The Quality of Caregiver-Infant Interactions and Neurodevelopmental Outcomes of Infants Prenatally Exposed to Pesticides in Banana Growing Areas in Costa Rica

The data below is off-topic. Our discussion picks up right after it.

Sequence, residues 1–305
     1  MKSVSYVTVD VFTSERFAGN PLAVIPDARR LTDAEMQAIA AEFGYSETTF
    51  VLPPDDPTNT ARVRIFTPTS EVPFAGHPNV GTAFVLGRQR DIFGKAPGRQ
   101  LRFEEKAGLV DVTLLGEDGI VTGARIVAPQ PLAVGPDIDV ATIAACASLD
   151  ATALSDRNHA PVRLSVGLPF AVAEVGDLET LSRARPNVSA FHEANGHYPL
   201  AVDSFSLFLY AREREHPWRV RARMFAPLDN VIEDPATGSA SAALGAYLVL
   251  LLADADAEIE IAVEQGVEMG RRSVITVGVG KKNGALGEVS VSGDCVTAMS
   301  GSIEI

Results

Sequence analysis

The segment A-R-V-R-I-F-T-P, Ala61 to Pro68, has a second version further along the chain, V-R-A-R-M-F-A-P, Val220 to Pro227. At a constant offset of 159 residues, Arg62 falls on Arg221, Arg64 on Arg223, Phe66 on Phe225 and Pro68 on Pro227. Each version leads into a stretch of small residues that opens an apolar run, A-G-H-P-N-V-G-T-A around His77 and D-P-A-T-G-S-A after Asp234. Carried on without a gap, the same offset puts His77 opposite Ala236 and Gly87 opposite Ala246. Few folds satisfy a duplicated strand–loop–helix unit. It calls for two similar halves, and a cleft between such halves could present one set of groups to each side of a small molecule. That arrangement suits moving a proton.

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Background: The quality of early caregiver-child interactions is recognized as one of the strongest influences on children’s cognitive and social development, and among the most significant modifiable environmental factors. Epigenetic studies show that maternal nurturing (i.e., licking and grooming by mothers towards baby rats) promotes positive development in young rats who have experienced prenatal environmental adversity. However, no study to date has examined the impact of caregiving interactions within the context of prenatal environmental exposures. The objective of this dissertation research was to explore the relationship between the quality of caregiver-infant interactions and infant neurodevelopmental outcomes in a high-risk sample of mother-infant dyads living within poverty-stricken and pesticide-exposed banana growing areas in rural Costa Rica. This international, community-based field study was part of a larger, ongoing longitudinal study examining the developmental outcomes of infants prenatally exposed to pesticides: the Infants’ Environmental Health Study. Methods: Home visits were conducted with 94 caregiver-infant dyads living in banana-growing villages in Matina county, Costa Rica. The quality of caregiver-infant interactions was measured using a standardized observational task: the Nursing Child Assessment Satellite Training Teaching scale. One-year infant neurodevelopmental outcomes (i.e., cognitive, language, motor and social-emotional) were assessed using the Bayley-III. Multiple regression analyses examined associations between overall quality of caregiver-infant interactions and Bayley-III outcomes, adjusting for pesticide exposure and confounders. Results: Compared to U.S. Hispanic mothers, 35% of the sample had overall caregiving interaction scores at/below the 10th percentile cutoff, indicating less than optimal interactions. Quality of caregiving interactions was significantly associated with infants’ expressive language abilities (r = 0.072, p<.05). Aspects of caregiving such as stimulation and growth-fostering of infants were identified as key predictors of language outcomes. Conclusions: The results of this study suggest a positive impact of early caregiving on infant neurodevelopment for infants experiencing the double burden of environmental exposure and poverty, and highlight aspects of caregiving that can be modified to help improve outcomes of these children. The results have important implications for environmental health research and for early intervention work with this population and with other populations having environmental and concomitant risks.